A 2013 United Nations Population Fund report, Motherhood in Childhood, indicates that every year in developing countries, 7.3 million girls under the age of 18 give birth (UNFPA, 2013). Teenage pregnancy should be a concern in Rwanda. The Rwanda Demographic and Health Survey 2014 to 2015 shows a worrying trend of increase in teenage mothers mostly aged 15 to 19 (RDHS, 2015). According to Rwanda Demographic Health Survey, 6% of young women ages between 15 and 19 years, especially in rural areas, have already begun bearing children (RDHS, 2010).

Although the HIV prevalence rate in Rwanda is lower than in many other sub-Saharan countries, it is still the main killer of those over five years of age and comes after only malaria as the cause of death for children under five years (UN in Rwanda, 2014).

There are many factors which influence youths to sexual practices. It is against the above background that the researcher wants to carry out this research and find the contribution of pornography consumption on sexual practice among teenagers.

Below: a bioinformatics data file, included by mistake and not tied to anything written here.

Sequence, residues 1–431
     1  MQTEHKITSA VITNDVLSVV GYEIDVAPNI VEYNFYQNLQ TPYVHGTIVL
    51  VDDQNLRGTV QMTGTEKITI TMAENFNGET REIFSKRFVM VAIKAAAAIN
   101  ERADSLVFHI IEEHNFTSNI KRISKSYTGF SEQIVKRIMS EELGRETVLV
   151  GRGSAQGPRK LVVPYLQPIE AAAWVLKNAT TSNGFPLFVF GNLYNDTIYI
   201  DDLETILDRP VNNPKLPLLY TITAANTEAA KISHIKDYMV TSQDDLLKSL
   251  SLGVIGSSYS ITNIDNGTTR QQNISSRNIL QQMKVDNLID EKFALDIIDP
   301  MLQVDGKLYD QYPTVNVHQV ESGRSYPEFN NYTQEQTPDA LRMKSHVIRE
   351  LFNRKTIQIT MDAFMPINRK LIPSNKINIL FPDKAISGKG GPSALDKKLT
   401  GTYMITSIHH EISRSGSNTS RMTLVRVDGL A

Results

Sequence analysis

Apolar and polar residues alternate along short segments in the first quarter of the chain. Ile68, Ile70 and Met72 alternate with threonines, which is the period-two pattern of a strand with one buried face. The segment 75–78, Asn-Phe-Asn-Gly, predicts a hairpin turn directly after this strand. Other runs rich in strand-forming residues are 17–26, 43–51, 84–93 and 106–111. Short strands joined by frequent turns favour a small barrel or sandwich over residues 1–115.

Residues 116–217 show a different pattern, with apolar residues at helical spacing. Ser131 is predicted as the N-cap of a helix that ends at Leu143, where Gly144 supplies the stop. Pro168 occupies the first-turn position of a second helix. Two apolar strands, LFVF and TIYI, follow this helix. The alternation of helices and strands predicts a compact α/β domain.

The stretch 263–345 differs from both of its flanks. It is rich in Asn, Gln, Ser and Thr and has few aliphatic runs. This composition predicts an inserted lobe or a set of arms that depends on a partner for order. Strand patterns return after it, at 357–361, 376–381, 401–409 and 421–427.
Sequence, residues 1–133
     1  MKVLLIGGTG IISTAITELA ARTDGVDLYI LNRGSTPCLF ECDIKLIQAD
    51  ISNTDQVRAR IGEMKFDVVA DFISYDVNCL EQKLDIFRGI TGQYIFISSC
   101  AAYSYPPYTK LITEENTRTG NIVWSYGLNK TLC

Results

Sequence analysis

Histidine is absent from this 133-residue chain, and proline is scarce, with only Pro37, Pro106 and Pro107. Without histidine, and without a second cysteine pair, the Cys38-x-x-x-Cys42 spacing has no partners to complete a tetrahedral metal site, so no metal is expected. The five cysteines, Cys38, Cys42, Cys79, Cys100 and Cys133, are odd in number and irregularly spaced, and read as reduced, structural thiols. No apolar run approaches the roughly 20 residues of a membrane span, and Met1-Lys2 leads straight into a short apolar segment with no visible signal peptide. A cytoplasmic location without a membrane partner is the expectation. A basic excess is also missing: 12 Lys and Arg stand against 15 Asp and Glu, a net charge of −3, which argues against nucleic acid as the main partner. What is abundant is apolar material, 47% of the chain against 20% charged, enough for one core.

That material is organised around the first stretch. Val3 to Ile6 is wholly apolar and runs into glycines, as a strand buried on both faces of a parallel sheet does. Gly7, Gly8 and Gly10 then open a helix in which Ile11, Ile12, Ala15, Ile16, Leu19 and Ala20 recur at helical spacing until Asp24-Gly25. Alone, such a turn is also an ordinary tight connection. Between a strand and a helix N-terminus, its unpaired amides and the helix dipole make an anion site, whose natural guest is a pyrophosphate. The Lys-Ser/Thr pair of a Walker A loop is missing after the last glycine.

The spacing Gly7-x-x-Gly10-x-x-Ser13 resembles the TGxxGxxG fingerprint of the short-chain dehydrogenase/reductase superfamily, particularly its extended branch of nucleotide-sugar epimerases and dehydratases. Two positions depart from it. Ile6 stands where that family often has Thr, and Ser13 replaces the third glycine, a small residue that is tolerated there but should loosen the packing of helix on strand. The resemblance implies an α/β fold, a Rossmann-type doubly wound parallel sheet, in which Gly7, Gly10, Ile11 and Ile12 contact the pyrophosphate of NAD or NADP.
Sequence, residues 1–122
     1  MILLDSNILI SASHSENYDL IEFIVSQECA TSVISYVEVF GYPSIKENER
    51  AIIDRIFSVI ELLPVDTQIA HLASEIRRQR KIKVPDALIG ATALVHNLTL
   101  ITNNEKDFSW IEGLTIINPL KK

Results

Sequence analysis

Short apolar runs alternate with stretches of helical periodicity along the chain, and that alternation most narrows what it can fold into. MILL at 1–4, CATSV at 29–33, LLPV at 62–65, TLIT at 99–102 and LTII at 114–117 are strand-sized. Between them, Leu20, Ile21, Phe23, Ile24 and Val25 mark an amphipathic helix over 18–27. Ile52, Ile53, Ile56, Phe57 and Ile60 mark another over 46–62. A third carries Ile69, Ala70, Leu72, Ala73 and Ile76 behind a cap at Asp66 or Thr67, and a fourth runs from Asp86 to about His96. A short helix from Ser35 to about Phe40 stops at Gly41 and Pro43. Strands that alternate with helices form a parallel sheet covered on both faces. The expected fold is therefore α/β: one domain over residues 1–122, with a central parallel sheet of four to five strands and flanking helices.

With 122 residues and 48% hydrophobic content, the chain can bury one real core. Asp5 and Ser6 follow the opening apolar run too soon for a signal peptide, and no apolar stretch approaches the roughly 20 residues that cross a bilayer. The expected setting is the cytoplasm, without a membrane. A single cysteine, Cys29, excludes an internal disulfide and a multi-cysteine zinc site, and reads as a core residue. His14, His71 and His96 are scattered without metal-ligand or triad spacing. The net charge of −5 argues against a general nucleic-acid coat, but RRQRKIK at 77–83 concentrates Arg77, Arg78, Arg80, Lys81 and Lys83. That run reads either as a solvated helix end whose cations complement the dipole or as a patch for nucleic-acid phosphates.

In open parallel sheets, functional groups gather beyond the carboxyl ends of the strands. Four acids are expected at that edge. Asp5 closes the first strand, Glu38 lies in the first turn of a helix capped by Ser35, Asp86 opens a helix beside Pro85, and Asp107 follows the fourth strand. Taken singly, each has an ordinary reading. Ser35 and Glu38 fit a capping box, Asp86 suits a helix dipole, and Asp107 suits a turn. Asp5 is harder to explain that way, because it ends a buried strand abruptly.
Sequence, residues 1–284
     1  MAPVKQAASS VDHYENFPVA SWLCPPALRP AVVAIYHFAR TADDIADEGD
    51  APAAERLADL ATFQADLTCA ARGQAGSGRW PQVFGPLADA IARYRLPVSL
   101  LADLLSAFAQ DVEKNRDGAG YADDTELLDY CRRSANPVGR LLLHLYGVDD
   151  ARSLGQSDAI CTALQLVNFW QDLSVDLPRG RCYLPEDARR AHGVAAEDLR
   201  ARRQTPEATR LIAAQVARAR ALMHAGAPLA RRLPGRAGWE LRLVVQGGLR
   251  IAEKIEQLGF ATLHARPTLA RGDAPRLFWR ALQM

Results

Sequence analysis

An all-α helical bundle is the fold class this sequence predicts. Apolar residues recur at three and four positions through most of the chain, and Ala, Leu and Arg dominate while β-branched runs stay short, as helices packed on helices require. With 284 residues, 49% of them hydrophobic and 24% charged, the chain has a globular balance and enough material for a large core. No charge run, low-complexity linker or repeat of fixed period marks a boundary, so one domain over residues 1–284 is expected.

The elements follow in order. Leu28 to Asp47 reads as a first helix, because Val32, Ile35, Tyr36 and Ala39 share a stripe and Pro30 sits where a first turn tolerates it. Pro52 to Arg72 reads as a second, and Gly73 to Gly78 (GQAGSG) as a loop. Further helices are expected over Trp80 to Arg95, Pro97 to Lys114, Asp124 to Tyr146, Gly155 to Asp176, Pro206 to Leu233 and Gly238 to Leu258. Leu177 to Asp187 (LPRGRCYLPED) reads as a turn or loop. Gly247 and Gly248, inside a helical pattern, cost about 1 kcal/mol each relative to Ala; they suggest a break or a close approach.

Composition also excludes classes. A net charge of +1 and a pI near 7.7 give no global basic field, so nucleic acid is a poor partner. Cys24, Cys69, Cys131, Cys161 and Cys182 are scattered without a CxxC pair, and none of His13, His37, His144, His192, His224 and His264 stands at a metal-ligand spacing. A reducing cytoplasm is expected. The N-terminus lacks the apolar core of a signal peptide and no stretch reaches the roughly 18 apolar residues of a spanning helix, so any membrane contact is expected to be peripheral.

1.4. Research gap

Pornography consumption and sexual behaviour were studied in Sweden, with an aim to investigate any associations (U Hanson, 2004). Participants were 718 students from 47 high school classes, mean age 18 years, in a medium-sized Swedish city (U Hanson, 2004). More men (98%) than women (72%) had ever consumed pornography (U Hanson, 2004). More male high ssconsumers than low consumers or women got sexually aroused by, fantasized about, or tried to perform acts seen in a pornographic film (U Hanson, 2004). Three quarters of the sample had had sexual intercourse, of which 71% reported contraceptive use at first intercourse and group sex (adj. OR 1.95; 95% CI 0.70-5.47) tended to be associated (U Hanson, 2004). However, very few researchers investigated about this topic. It is in this context the researcher needed to know if there is any significant association between pornography consumption and sexual practice among adolescents in Rwanda.